Filing the tax returns for businesses has not always been an easy nut to crack for businesses and with scores of new tax provisions offered by CARES Act and updated new tax rules & regulations, it pays to get started early.
Having a head start helps businesses and individuals leverage the benefits by starting the tax preparation early, and to help you do that our folks at Back Office Accountants are here to help you with complete information about the recent tax updates and provision granted by CARES Act as you move forward with your tax preparation. While we have provided you with essential tax planning tips for tax preparation 2020-21 here, this blog is about the tax changes for 2020-21 that you must keep in mind as you file your taxes for 2020. So read on:
COVID-19 – The Economic Disruption & Tax Provisions for Businesses:
The COVID-19 pandemic and the lockdown that followed has drastically impacted both businesses and individuals like never before in history. The disarray in the supply and demand chain, health effects on the employees and loss of sales revenue has resulted in an economic disruption resulting in an almost 51% of small and medium businesses temporarily closing down and millions and Americans losing out their jobs.
The federal government’s CARES Act with its stimulus package in the form of the businesses loans, unemployment benefits, and Paycheck protection programs has helped a lending hand to minimize the damage of the pandemic. The CARES Act has also come-up with scores of tax provisions, new tax rules and regulations for 2020 that both businesses and individuals can make benefit to make significant tax savings.
Key CARES Act Tax Provisions for Businesses:
- Employee Retention Credit for Businesses: Employee Retention Credit is a refundable tax credit for businesses against the employment taxes that can be claimed by eligible employers who can continue their employees on the payroll.Employers can claim refundable employee retention tax credit that is equal to 50% of qualified wages paid to employees between March 13, 2020, and December 31, 2020, to the employees. The maximum wage for an employee is capped at $10,000 and the maximum tax credit is fixed at $5000 on each employee across all quarters. Businesses that are forced to suspend their operations fully or partially or have experienced a significant deadline in gross receipts during any of the quarters in 2020 are eligible for the tax credit.
- Net Operating Loss Carrybacks: CARES Act now has granted businesses to carry back their Net Operating losses generated in 2020, 2019, and 2018 to the earliest year in the carry back period of five-years which was previously 2 years. Any NOLs from 2020, 2019, and 2018 that remain after carrying back to five-year period can be still carried forward indefinitely. Corporate taxpayers can use this CARES Act law to carry back post-TCJA NOLs to offset higher tax income paid in those years, depending on their current situation. Taxpayers must plan to use these carrybacks by accelerating the deductions, shifting the income into 2019 and losses in 2020 to maximize the NOLs for 2020 for leveraging the Carrybacks effectively.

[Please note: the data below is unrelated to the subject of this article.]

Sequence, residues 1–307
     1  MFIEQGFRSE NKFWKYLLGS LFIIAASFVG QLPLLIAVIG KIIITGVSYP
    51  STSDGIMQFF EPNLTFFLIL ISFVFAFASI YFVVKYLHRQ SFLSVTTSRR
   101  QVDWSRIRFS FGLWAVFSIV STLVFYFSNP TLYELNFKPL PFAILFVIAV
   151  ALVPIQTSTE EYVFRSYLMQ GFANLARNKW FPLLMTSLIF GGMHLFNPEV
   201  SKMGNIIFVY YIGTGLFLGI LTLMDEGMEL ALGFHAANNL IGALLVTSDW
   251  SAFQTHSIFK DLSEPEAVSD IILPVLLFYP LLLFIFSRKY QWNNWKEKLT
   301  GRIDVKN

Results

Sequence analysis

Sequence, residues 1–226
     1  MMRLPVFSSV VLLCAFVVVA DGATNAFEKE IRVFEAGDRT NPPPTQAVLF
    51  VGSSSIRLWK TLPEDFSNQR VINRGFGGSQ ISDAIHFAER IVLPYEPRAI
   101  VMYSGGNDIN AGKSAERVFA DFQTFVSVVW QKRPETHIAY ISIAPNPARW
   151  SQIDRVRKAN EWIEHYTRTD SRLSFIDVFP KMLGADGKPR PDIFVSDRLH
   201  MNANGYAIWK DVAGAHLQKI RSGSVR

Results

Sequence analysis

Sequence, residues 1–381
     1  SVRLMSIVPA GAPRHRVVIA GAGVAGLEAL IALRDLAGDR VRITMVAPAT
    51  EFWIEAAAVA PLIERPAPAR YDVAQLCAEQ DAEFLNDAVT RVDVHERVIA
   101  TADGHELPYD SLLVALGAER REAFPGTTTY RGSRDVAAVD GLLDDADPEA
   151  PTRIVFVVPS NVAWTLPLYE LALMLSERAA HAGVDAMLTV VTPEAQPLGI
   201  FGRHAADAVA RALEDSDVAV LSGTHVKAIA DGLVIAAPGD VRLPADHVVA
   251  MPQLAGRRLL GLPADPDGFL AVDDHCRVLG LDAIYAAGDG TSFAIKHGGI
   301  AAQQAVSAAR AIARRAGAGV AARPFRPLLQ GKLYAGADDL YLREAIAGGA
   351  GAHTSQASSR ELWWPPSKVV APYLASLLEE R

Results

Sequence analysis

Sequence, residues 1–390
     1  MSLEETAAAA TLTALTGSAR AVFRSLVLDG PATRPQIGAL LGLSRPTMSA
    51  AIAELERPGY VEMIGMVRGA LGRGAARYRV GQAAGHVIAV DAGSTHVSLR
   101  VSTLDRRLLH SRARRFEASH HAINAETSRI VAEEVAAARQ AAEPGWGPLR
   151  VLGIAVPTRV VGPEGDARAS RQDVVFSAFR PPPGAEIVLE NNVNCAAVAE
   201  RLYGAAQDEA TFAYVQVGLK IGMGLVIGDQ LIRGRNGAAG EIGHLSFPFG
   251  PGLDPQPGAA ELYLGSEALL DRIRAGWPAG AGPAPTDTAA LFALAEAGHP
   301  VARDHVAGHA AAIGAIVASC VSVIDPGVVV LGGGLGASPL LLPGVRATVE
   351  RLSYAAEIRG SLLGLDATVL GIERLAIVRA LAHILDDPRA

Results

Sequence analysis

- Deferral of Social Security Tax: CARES Act has allowed all the employers to defer their share of Social Security Tax (6.2%) on wages paid from March to December. A 50% of these taxes can now be deferred to December 31, 2021, and other fifty per cent to December 31 2022. This new rule also grants the same 50% leeway to the tax liability of sole proprietors and partners
- Changes to Business Interest Deduction: Previously deduction on interest expense which was limited to 30% of ATI (adjusted tax income) is now increased to 50% of the ATI for the years 2020 and 2019.
- Accelerated Credit for AMT: Corporations have been provided with an opportunity to offset tax liability with AMT credits and the leftover credits become refundable from 2018 to 2021. The CARES Act accelerates the refund procedure and makes the carryover tax credits fully refundable in either 2019 or 2018.
- Bonus depreciation for QIP: CARES Act corrects the drafting errors of TCJA Act of 2017, treats the QIP (Qualified Improvement Property) as 15-year property and now allows the taxpayers to claim 100% bonus depreciation that is eligible for said QIP. This new change applies retroactively to all the property place in service on or after 2018. It must be noted that QIP does not include expenditures accounted for enlargement of the property, escalator or elevator or internal structures changes to the internal framework of the building. The purchase of real estate cannot be accounted and the eligible property improvement must be made by the taxpayer (not by the seller) to leverage the tax benefits.
While the above 5 are the key tax provisions that can be leveraged by business, there are plenty of tax-saving opportunities for individuals as well which we will be discussing on our next blog. If you are a business owner looking to leverage the above tax provisions or need more information about implementing them for your tax filing our tax experts at Back Office Accountants can help you. In addition to providing expert remote accounting services, we have been offering complete tax support for small and medium businesses for years now and can help you. You can contact us her: www.backofficeaccountants.com